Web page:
The clinical features of acute low-tone sensorineural hearing loss (ALHL) were examined in 274 patients treated at our hospitals. One-handred and thirty-one patients received a Glyceol test and were included in the final evaluation. Seventyseven out of 131 patients (53%) reaived a positive Glyceol test result (a hearing improvement of 2 or more frequencies) We examined the relation between the Glyceol test results and the final hearing. outcome. Our results indicated that patients with a clear reaction on the Glyceol test tended to have a better prognosis. Isosorbide was administered to 96 out of the 274 cases. A significant difference was not observed between outcome and the administration of Isosorbide in all the cases. However, when the subjects were limited to patients who showed a hearing improvement of 3 or more frequencies on the Glyceol test, the administration of Isosorbide and a favorable outcome were correlated. Our results suggest that endolymphatic hydrops may be involved in the mechanism of ALHL. In cases where a strong contribution of endolymphatic hydrops is suspected, favorable prognosis and response to Isosorbide administration can be expected.
Acute low-tone sensorineural hearing loss is defined by the following criteria: the sum of hearing levels at low-tone frequencies (125, 250 and 500Hz) must be 70dB or more and that at high-tone frequencies (2000, 4000 and 8000Hz) must be 60dB or loss. However, several studies have suggested that a similar etiology exists among patients in whom the sum of hearing levels at high-tone frequencies is 65dB or more. We compared the epidemiological characteristics of typical cases meeting these criteria to those of atypical cases, whose hearing levels exceeded 65dB at high frequencies. All the subjects had unilateral hearing loss (317 typical cases and 91 atypical cases); all patients were registered in nationwide epidemiological surveys conducted between 2000 and 2002. Many similarities in the epidemiological characteristics of the two groups were seen (more prevalent in females that in males and in spring/summer than in winter; hearing recovery depended on initial hearing level; severity of hearing loss at low-tone frequencies), but several differences were also noted (levels of hearing impairment at middle to high-tone frequencies; correlation of prognosis with age and the number of days from onset to the first examination), suggesting differences in the pathophysiological features of typical and atypical cases.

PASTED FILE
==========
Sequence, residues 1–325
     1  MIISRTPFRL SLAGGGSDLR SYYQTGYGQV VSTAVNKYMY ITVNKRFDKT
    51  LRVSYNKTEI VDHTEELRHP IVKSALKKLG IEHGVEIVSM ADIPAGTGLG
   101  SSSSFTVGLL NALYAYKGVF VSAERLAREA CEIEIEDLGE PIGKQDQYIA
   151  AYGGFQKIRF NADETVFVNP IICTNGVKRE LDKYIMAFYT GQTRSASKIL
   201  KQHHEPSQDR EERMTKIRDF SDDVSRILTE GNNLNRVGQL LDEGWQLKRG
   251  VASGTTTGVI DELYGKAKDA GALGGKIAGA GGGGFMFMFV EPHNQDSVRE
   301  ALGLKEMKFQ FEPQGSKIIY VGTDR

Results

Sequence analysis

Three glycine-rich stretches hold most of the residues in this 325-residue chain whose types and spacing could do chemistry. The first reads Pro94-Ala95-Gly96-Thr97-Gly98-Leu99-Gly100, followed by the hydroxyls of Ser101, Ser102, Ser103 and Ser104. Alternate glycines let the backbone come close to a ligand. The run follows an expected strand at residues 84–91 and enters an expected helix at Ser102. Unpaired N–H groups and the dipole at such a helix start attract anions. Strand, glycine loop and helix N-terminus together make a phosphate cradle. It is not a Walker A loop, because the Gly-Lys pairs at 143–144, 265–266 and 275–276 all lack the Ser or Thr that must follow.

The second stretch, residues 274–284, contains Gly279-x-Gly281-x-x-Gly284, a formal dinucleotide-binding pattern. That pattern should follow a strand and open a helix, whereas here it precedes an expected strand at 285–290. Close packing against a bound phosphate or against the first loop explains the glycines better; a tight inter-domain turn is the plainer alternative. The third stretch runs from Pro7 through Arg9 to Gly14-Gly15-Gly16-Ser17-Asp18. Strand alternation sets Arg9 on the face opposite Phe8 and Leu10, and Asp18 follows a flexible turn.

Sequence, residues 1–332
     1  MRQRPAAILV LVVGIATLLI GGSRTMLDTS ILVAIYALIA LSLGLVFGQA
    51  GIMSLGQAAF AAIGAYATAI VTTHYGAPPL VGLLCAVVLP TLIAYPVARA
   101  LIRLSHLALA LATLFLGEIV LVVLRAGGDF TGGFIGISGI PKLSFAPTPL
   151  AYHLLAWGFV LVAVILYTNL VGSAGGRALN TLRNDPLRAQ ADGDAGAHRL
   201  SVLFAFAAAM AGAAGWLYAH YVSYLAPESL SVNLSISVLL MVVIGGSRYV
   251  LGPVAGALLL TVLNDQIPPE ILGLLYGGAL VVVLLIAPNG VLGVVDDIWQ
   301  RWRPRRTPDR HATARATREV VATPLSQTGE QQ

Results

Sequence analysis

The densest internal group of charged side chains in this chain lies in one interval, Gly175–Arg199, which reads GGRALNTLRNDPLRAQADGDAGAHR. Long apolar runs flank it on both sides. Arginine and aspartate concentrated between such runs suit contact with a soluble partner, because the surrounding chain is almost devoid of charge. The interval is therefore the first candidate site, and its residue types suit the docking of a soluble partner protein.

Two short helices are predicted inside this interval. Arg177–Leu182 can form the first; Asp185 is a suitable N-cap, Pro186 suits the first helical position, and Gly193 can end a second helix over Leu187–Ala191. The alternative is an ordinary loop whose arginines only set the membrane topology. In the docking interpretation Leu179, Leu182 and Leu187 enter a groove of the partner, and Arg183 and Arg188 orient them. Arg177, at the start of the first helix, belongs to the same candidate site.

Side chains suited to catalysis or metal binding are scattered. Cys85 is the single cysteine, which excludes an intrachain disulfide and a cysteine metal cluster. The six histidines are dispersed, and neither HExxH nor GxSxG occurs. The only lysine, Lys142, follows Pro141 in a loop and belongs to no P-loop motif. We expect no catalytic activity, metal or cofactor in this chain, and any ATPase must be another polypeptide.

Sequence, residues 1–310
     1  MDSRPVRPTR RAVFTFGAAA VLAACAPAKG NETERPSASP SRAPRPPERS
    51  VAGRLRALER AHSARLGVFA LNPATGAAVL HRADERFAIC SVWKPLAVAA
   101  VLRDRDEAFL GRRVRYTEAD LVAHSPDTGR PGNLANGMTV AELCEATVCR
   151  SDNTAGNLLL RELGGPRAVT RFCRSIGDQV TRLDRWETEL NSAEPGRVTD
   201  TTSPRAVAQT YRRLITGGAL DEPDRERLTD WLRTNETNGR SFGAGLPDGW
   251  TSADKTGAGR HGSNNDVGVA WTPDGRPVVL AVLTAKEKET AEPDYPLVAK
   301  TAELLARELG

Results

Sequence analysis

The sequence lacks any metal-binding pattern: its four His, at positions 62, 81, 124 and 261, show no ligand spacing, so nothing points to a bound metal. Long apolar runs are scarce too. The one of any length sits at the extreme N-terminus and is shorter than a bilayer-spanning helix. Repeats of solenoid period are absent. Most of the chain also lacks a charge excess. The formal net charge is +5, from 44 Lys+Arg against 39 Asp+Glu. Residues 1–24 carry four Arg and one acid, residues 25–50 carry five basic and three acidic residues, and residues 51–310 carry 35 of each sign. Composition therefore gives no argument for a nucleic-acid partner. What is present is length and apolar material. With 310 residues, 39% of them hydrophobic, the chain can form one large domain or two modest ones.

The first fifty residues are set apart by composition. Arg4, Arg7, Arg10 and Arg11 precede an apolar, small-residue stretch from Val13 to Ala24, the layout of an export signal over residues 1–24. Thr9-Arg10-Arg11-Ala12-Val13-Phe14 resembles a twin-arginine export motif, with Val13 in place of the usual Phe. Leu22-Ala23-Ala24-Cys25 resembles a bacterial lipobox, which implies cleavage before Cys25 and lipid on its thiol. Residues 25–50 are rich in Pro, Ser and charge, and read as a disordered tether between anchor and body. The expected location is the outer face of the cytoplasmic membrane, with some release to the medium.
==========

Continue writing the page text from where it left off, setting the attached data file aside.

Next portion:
Fabry disease is a rare X-linked recessive glycosphingolipid storage disorder that is caused by a deficiency of the lysosomal enzyme α-galactosidase A. This deficiency leads to widespread glycoshingolipid deposition in the endothelial and smooth muscle cells of the microvasculature throughout the body. Clinically, affected patients suffer from ischemic complications involving brain and heart as well as chronic renal insufficiency. A few reports have mentioned cochlear involvement in Fabry disease. Here, we present two cases with Fabry disease. A 51-year-old male experienced a sudden hearing loss on the different occassions. He was diagnosed as having Fabry disease during a follow-up examination for chronic renal failure. A 47-year-old female exhibited a high frequency sensorineural hearing loss. Analysis of SISI and Bekesy test results showed inner ear hearing loss in both cases. We hypothesized that sudden hearing loss may be caused by vascular mechanisms as a result of the accumulation of glycosphingolipids within endothelial and smooth muscle cells, leading to ischemia and frank occlusion in the vessels feeding the cochlea. Slowly progressive hearing loss might be caused by the accumulation of glycosphingolipids within the spiral ganglion cells or cochlear vessels. Fabry disease should be included in a differential diagnosis of unexplainable sensorineural hearing loss with renal insufficiency.